Practical Guide: How To Mind Map During Certification Preparation

Practical guide to use mind maps

So, you decided to use the mind map as a whole-brain method that boosts your productivity and memory during your next certification preparation. You can use them for the number of reasons.

Would you prefer to create them in efficient way, hold the information in a format that your mind finds easy to recall and quick to review? Not to waste a time, right?

I’ll show you practical guide how to mind map during your certification preparation.

This technique is already used for a variety of tasks including brainstorming, identifying new opportunities, organising, managing projects, teaching, studying, communicating information and much more.

I suggest use mind maps to:

  • plan and organize your certification preparation;
  • increase efficiency of recall sessions.

Mind maps engage your whole brain and allow you to see the big picture. Mind maps are more compact than notes. But, do not consider mind maps just for notes taking. It’s not efficient.

They are useful for summarizing information, for consolidating large chunks of information, for making connections between study domains, consolidating information from different sources. It’s more important.

Mind mapping is the combination of art and science, logic and emotion, words and images, boring and fun. Mind mapping combines all these things to make the result.

Mind map is something that your brain really likes.

In order to improve your memory and recall of the mind map you are drawing, it is important to use a number of imaginative tools that will help stimulate deeper associations.

Let me explain:

Practical Guide to Mind Map

Step 1. Create a central idea.

I used to use an image. It’s more interesting, keeps you focussed, helps you concentrate.

Step 2. Use colors.

Adding images and colors stimulates right-brain thinking. Colour coding links the visual with the logical and helps your brain to create mental shortcuts. Allows you to categorise, highlight, analyse information and identify more connections which would not have previously been discovered.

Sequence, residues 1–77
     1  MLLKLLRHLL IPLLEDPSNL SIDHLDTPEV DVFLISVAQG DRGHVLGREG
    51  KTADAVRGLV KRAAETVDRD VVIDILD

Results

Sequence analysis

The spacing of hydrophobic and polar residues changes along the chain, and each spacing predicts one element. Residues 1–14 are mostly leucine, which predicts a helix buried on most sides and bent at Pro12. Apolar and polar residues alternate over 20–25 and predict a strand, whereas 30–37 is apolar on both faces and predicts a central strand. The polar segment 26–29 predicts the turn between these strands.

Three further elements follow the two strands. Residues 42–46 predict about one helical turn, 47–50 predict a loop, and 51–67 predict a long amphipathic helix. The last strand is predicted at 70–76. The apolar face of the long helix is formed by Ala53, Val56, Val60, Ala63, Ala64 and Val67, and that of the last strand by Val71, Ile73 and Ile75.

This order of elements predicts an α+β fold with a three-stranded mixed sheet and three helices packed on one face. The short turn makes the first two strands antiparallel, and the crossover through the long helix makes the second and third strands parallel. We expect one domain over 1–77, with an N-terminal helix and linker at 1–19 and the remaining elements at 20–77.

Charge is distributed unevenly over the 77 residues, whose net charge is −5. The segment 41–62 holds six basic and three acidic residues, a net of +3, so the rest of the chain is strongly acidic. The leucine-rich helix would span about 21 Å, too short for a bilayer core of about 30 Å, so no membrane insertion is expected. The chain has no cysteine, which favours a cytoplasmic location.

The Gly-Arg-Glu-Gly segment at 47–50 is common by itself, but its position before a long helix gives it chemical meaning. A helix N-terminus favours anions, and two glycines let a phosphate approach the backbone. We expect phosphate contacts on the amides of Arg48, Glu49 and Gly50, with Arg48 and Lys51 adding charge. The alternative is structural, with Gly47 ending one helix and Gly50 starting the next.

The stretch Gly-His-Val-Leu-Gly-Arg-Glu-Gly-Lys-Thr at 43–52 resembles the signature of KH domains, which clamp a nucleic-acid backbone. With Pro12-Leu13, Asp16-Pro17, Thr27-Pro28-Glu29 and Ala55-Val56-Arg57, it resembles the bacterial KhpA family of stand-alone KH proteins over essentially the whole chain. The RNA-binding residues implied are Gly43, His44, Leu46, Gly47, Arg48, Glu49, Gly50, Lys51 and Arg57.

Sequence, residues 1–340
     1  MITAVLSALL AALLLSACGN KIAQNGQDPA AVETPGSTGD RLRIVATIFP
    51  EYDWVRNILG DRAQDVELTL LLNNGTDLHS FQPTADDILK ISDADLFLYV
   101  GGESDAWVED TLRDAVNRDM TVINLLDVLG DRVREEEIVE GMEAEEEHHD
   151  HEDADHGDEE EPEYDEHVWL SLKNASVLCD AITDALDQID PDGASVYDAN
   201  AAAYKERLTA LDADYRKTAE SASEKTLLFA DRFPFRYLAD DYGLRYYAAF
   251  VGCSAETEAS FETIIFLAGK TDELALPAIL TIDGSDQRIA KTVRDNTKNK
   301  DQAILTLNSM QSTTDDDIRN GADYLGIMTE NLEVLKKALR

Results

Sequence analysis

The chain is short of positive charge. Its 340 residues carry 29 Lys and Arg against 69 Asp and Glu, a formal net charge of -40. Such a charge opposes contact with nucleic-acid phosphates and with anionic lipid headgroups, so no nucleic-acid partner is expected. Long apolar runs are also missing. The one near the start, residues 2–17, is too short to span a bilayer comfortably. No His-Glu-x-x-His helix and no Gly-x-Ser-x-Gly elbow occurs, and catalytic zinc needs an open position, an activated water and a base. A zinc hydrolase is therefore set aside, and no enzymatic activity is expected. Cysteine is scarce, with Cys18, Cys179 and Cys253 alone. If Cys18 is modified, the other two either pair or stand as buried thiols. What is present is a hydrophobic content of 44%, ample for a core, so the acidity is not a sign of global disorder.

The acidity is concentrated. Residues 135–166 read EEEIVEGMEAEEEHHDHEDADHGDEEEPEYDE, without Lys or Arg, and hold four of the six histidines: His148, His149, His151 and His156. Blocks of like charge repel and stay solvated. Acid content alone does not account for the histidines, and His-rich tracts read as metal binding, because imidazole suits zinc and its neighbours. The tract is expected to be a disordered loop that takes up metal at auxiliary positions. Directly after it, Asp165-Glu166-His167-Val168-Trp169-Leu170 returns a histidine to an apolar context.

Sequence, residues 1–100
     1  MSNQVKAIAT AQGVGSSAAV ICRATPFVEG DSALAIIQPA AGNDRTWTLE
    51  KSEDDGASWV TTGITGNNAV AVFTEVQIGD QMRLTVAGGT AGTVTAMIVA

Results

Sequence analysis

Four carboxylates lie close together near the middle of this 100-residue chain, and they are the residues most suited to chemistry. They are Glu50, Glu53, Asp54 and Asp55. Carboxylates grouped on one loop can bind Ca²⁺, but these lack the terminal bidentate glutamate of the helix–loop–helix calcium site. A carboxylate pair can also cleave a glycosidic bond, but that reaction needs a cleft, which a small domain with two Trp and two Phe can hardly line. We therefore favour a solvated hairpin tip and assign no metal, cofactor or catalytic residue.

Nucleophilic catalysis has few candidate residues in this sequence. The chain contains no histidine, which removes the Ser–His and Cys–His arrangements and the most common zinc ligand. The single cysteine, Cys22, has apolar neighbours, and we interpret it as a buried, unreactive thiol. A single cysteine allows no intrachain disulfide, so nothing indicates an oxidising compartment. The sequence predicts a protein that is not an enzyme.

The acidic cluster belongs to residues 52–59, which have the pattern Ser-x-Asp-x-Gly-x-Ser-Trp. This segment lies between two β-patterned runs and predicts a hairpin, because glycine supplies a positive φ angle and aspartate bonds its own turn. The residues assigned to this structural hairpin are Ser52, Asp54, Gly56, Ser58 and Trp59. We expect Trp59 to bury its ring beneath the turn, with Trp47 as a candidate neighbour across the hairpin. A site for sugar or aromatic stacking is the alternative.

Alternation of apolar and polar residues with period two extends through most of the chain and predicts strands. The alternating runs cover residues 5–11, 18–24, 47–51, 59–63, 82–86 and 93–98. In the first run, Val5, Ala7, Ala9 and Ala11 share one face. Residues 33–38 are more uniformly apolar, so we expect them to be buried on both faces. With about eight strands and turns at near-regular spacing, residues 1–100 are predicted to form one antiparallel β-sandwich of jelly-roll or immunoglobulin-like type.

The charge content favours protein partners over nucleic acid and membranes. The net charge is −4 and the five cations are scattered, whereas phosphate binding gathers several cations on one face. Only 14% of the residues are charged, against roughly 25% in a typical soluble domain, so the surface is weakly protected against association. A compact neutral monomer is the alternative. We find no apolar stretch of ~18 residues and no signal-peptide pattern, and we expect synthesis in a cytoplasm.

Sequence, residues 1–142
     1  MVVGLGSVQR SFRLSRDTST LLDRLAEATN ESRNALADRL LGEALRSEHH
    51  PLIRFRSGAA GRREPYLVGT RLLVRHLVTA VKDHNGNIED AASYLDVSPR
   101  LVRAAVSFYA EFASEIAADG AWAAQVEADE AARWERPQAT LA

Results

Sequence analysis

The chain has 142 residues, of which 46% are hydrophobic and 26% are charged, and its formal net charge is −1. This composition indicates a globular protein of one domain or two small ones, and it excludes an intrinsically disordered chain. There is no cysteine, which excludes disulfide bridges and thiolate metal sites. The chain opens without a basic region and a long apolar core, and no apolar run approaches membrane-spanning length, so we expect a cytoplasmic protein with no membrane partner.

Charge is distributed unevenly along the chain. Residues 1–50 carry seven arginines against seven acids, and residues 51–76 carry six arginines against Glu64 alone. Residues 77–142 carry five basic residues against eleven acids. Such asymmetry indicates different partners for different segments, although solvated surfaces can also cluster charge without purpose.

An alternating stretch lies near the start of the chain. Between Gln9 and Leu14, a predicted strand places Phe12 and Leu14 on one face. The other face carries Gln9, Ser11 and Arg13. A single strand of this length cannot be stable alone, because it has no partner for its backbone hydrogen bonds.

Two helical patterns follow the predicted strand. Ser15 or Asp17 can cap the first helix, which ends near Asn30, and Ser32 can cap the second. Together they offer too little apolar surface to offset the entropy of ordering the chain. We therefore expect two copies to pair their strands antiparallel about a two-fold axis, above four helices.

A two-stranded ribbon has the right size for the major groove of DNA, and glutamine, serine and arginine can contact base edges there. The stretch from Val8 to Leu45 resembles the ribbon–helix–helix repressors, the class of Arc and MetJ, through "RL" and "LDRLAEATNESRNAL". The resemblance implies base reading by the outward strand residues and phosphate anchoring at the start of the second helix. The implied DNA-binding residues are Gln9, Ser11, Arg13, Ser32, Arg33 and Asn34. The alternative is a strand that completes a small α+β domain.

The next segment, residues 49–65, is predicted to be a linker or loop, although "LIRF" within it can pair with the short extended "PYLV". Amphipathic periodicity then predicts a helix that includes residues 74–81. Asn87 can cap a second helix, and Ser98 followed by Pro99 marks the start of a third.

Step 3. Include images.

Printscreens, diagrams, etc. They make the mind map more interesting and more memorable.

Step 4. Add details.

When you’re done with your initial mind map you still are able to add details; jot down questions that radiate from particular nodes; and draw little “vines” that connect ideas on different branches.

Step 5. Cross-connect.

Connect your main branches to the central image and connect your second- and third-level branches to the first and second levels, etc. Make a cross-references where possible. Your brain likes to link things together. If you connect the branches, you will understand and remember a lot more easily.


Probably the biggest part during your preparation is reading the prep guides, manuals, etc. Most people complain that they quickly forget what they read. However, there’s a way to remember and retain more of the books and articles that you read. You can achieve this having recall sessions and by creating a mind map each time that you read something that you find informative or helpful.

When you’re reading a prep guide, the branches of the mind map can be the chapter headings of the most important chapters. Then, write down the main ideas of each chapter as subheadings. Third level branches can include examples, quotes, and even your own comments on what you just read. In the fourth level, you can write down ideas on action steps.

Normal method of “studying harder” and “making mire notes” don’t help but actually hinder performance. It seens quite commical when you think acout it that most people around the world are taught to make notes in a perfect way for their brain to forget. Sing a single colour pen to capture large sentences in a linear flow. What are actually doing is helping our brain to go to sleep.

My approach

I’m using mind maps to better retain information from “prep guides”.

  1. I’m using prep guide cover or exam logo as a central idea.
  2. As the major branches I refer to:
    • chapter headings,
    • important details,
    • exam details.
  3. Adding layers of detail as needed to be used during recall sessions.
  4. Generally, I include details that I didn’t know or had a gap in knowledge. Well known and important facts I leave in prep guide highlighted.
  5. I highlight (with color, uppercase, bold etc.) the key words which will provide the triggers to large quantities of additional data.
  6. Focus on why questions, keep the answers short.

Possible mistakes

  • Too many words on one branch.
  • Straight lines throughout.
  • Boring central image.
  • No colors.


  • Each word or image used in a mind map must be on its own line.
  • Use images, photos and drawings wherever possible.
  • Use arrows, other symbols, spacing and so forth to connect images and produce an “image-rich network”.

Take a look at the mind map “Effective Techniques for Improving Focus and Attention You Need to Know” I’ve prepared earlier:


Simplify your certification process by engaging your whole mind with mind maps.

If you find out more information after you have drawn a mind map, then you can easily integrate it with little disruption. Mind mapping helps you break study materials or topics down into manageable chunks, so that you can plan effectively without getting overwhelmed and without forgetting something important.

Mind-mapping software and apps are rapidly expanding in their features. There are even some that are free with high capabilities. FreeMind, for instance. Also freemium. MindMeister is my favorite. They allow for real-time virtual collaboration, brainstorming and discussion; map revision by other users; whiteboard, free-form drawing during meetings or presentations; personal use on your cellphone; scheduling, etc.